Punctuation practice:In parenthesesThe sentences below are taken from the Interactive resource,‘Animal punctuation: Descriptive texts’ and can be used with theactivity ‘In parenthesis’ in the ‘Further ideas’ section (pages 18–19,October ’09 issue).*• Our monkeys some born in the safari park are in tip-top health• The adults and the cubs still very small belong to one familygroup*ANSWERS CAN BE FOUND ON PHOTOCOPIABLE 8, ‘PUNCTUATION PRACTICE: ANSWERS’; IMAGE © JULIENGRON/WWW.STOCKXPERT.COM; WORDS © EILEEN JONES• Crocodiles and tortoises not usually kept together arehappy here• The trees sturdy and bushy give our elephants fun and food• Suki known for her big appetite is the tallest giraffe in Europe• These zebras admired for their stripes are our mostphotographed animals in the park• One ostrich the one ignoring you is very shy• Our deer who are perfectly safe have freedom to roam• The peacocks’ colours blue red and purple are magnificent• The pythons known to bite are kept behind safety glassPHOTOCOPIABLE 4Junior Education Plus October 2009 www.scholastic.co.uk/junioredplus


NamePunctuation practice:Sophisticated marksThe safari park keeper has written a memo to the Editor of the Safari Gazette. Hewants the news article to use some tricky punctuation marks. Read through theunpunctuated text and see if you can help out by placing the punctuation marksthat the safari park keeper wants to include.*MEMOFrom: KeeperTo: Editor*ANSWERS CAN BE FOUND ON PHOTOCOPIABLE 8, ‘PUNCTUATION PRACTICE: ANSWERS’; IMAGE © JULIENGRON/WWW.STOCKXPERT.COM; WORDS © EILEEN JONESPHOTOCOPIABLE 6Please publish the text below. As well as full stops and capitalletters, there must be:• : colon x3• , comma x1• ’ apostrophe x1• ; semi colon x3• ( ) pair of brackets x1• , , parenthetic commas x3• – dash x1• ! exclamation mark x1Unpunctuated text:the safari park is thriving everyone is really happy the weather isamazing we have sunny days and high temperatures the cafés icecream is really popular we are close to the middle of july july andaugust always bring more children children make ideal visitors theypay attention to the animals and they eat a lot our caring keeperhas had a wonderful idea he is teaching the monkeys new exercisesif he is successful there will be many benefits our customers thevisitors will gain pleasure the monkeys his pupils will have fun johnthe keeper may win an award however smallJunior Education Plus October 2009 www.scholastic.co.uk/junioredplus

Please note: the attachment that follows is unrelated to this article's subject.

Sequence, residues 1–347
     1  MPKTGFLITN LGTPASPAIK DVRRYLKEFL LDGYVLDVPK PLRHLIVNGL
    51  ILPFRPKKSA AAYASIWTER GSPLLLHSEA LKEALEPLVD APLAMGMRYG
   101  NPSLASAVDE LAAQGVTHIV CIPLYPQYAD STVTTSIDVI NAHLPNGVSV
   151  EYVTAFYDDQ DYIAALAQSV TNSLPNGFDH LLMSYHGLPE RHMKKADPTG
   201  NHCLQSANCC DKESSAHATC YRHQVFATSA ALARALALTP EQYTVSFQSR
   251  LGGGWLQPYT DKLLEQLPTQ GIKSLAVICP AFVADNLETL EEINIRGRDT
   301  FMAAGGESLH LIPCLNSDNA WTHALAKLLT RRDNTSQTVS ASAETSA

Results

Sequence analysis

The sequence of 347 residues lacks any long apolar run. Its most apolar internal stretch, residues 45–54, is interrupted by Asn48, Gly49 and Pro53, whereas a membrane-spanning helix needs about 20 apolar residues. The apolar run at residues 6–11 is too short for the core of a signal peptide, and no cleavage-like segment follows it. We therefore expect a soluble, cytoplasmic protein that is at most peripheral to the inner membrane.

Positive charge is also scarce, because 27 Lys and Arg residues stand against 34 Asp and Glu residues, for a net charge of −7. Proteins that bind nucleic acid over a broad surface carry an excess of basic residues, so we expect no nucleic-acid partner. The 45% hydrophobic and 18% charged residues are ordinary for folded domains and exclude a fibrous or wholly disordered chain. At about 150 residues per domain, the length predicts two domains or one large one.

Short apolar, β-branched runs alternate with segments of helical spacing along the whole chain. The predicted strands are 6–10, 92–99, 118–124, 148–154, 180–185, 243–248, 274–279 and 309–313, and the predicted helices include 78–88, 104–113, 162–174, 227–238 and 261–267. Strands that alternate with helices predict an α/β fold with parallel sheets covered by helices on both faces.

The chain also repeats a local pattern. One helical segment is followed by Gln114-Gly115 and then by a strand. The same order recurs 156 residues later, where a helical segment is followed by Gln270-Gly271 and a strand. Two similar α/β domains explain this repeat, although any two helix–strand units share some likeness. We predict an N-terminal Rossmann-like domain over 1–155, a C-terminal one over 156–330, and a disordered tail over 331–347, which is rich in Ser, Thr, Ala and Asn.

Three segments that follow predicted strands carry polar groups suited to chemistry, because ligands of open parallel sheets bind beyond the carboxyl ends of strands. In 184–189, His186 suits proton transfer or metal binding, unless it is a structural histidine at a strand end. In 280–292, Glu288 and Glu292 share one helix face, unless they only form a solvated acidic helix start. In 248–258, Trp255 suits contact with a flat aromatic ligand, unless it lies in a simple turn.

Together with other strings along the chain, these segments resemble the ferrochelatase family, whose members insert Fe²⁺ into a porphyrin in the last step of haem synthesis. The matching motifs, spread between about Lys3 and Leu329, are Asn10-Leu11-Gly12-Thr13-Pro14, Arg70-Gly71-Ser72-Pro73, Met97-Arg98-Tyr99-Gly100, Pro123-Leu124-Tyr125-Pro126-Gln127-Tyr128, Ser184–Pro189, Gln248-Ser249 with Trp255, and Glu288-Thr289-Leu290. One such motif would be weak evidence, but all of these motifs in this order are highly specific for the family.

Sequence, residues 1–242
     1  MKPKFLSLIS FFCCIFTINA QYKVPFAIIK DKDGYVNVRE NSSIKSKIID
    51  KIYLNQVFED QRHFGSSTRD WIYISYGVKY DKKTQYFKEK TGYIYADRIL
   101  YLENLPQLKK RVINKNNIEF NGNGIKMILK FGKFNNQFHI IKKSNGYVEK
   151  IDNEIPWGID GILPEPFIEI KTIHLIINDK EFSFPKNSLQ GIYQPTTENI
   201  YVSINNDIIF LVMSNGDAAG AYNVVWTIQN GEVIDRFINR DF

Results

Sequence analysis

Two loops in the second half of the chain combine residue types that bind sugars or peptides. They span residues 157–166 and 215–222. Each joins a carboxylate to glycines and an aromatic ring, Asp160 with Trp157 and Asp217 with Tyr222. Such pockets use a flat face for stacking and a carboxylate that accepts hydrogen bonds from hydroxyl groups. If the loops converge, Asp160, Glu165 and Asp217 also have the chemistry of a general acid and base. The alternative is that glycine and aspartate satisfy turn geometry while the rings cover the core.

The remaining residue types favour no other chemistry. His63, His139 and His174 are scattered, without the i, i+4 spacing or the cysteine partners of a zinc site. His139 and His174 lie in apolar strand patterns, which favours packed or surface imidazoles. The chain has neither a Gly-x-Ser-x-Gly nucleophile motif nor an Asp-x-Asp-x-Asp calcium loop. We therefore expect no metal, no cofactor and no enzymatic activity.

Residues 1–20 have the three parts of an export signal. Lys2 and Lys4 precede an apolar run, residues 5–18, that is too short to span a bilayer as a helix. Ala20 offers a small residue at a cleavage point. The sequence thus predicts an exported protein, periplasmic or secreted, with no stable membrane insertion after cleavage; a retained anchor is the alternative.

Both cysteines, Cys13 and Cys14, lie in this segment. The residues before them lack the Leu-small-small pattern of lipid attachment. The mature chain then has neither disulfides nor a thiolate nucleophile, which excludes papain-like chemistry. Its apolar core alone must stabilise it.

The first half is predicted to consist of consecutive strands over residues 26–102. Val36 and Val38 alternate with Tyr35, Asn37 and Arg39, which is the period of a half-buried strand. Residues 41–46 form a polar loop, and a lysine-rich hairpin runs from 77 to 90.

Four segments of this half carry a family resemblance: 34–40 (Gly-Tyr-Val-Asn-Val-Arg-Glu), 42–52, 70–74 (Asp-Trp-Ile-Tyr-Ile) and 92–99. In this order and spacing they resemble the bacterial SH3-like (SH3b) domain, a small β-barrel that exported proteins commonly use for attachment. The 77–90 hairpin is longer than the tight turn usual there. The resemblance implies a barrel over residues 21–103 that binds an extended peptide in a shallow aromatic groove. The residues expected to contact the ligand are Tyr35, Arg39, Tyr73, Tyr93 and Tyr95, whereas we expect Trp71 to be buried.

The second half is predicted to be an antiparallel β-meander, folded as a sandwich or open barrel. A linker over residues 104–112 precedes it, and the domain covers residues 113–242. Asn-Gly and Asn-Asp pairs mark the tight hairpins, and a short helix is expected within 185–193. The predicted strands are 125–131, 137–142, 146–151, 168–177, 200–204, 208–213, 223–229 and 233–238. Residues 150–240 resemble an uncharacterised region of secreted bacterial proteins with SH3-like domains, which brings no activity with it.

Punctuation practice:Teachers’ notes:Descriptive textsUse this month’s activities to help your class use punctuation more fluently. Descriptive texts tend to be longerand therefore use more punctuation. This means more chance of error, so it is important to keep returning tothe basics and confirming accuracy. Nevertheless, there is also more opportunity for choice and the childrenwill enjoy exploring the subtle differences made by their selections.IMAGE © JULIENGRON/WWW.STOCKXPERT.COM; WORDS © EILEEN JONESDaily description1Discuss with the children how the animals, people or objects onthe Poster, ‘Punctuation Safari Park’ can look like punctuationmarks. Practise your class’ animal code: the agreed soundsor simple hand or body movements that remind them ofthose animals and marks. (See July 09’s Photocopiable 3,‘Punctuation practice: Teachers’ notes’.) Write and display adescription of the park – a short paragraph describing onesection – but deliberately omit punctuation. Read it aloud, askingthe children to use the animal code to tell you what punctuationmark to put where.Punctuation pitfall A2Using a comma instead of a full stop is a common mistake.Help children to avoid this punctuation pitfall by teaching thisdifference: a comma introduces another part of a sentence; a fullstop marks the end of one sentence. Put the children into pairs,one holding a card ‘p’ (phrase) the other holding an ‘s’ (sentence).Display an unpunctuated sentence or phrase: partners mustdecide who should hold up their letter. For example:• the lion is sleepy (s)• a car full of people (p)• under the tree next to the rock (p)• there are three elephants (s)• similar animals to tigers in appearance (p)• where is the missing tortoise (s)Punctuation pitfall B3Let the children practise their learning from the previous activityby placing commas, full stops and capital letters in the textbelow. Write it unpunctuated on the whiteboard:That picnic area looks so welcoming. By always being clean andtidy, it invites people to stop and enjoy their food. The area is sweptand raked regularly, rubbish taken away promptly. Sometimesreaching crumbs before the peacocks, the park attendant isdetermined that everywhere looks its best. Up the steps andinside the café, the visitors receive the same welcome. In fact, it’s awonder people have time to visit the animals at all!Encourage partners to read aloud, discuss and justifydecisions with each other.Taking dictation4Play ‘Taking dictation’ (see July 09’s Photocopiable 3,‘Punctuation practice: Teachers’ notes’.) in which partners,working separately, write a short descriptive text containingat least three commas and three full stops. In turn, theyshould dictate their text to their partner ‘secretary’ towrite it down. When they reach punctuation, they mustuse the animal code. (See ‘Daily description’, left.) Will theirsecretary remember the code and punctuate what theywrite correctly? Will their secretary agree with their choiceof punctuation?Clearing confusion5Read aloud the following three sentences taken fromthe unseen, corrected version on Photocopiable 3,‘Punctuation practice: Punctuation choice’:• There are mischievous monkeys, giant giraffes andcrawling crocodiles.• As for other animals, the list is endless: lions, elephants,peacocks, pythons and so many more.• There is something to watch all the time: a monkeyswinging from a climbing frame, a peacock catching food, alion climbing a ladder.Ask what the structure of the three sentences has incommon? (All contain a list.) What punctuation mark dothe children expect to separate the items? Display thesentences for the children to confirm the use of commas.Ask: Which list is quite complicated? Why? (Details of theactions of the listed animals are described in the thirdsentence.) What alternative punctuation mark is there?(Semi colon) Explain that a semi colon is sometimes usedinstead of a comma in a complicated list; some writersprefer its clearer division. Display:There is something to watch all the time: a monkey swingingfrom a climbing frame; a peacock catching food; a lionclimbing a ladder.PHOTOCOPIABLE 7Junior Education Plus October 2009 www.scholastic.co.uk/junioredplus